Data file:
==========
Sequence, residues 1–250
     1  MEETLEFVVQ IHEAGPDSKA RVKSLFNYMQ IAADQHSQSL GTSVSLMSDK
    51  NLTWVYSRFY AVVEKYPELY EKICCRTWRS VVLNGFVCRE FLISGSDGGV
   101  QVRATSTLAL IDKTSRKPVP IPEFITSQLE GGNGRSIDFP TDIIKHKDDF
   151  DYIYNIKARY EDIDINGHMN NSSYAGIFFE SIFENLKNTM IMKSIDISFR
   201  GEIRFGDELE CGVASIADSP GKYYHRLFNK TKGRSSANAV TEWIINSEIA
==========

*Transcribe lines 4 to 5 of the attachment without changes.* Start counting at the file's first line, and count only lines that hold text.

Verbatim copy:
   101  QVRATSTLAL IDKTSRKPVP IPEFITSQLE GGNGRSIDFP TDIIKHKDDF
   151  DYIYNIKARY EDIDINGHMN NSSYAGIFFE SIFENLKNTM IMKSIDISFR